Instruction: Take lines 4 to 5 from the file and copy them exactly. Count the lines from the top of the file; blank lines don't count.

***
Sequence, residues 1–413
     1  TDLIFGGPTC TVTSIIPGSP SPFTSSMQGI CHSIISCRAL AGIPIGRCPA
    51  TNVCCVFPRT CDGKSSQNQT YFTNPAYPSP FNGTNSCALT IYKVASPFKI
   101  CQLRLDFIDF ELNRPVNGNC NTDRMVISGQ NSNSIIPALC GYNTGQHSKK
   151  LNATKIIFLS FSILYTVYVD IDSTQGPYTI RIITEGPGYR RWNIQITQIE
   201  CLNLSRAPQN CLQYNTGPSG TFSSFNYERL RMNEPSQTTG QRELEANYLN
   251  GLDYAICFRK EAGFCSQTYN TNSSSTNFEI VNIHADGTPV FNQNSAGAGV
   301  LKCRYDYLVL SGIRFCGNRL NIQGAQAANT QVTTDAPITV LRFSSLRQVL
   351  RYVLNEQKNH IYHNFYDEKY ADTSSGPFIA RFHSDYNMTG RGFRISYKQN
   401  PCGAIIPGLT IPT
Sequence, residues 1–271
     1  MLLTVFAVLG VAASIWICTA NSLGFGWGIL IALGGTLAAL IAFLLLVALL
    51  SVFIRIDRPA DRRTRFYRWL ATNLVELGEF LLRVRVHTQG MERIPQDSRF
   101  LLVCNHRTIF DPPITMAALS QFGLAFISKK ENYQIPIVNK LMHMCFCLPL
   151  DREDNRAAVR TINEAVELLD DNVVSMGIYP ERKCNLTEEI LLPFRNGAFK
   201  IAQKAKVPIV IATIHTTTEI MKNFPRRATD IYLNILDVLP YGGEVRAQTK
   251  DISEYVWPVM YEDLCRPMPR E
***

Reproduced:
   101  CQLRLDFIDF ELNRPVNGNC NTDRMVISGQ NSNSIIPALC GYNTGQHSKK
   151  LNATKIIFLS FSILYTVYVD IDSTQGPYTI RIITEGPGYR RWNIQITQIE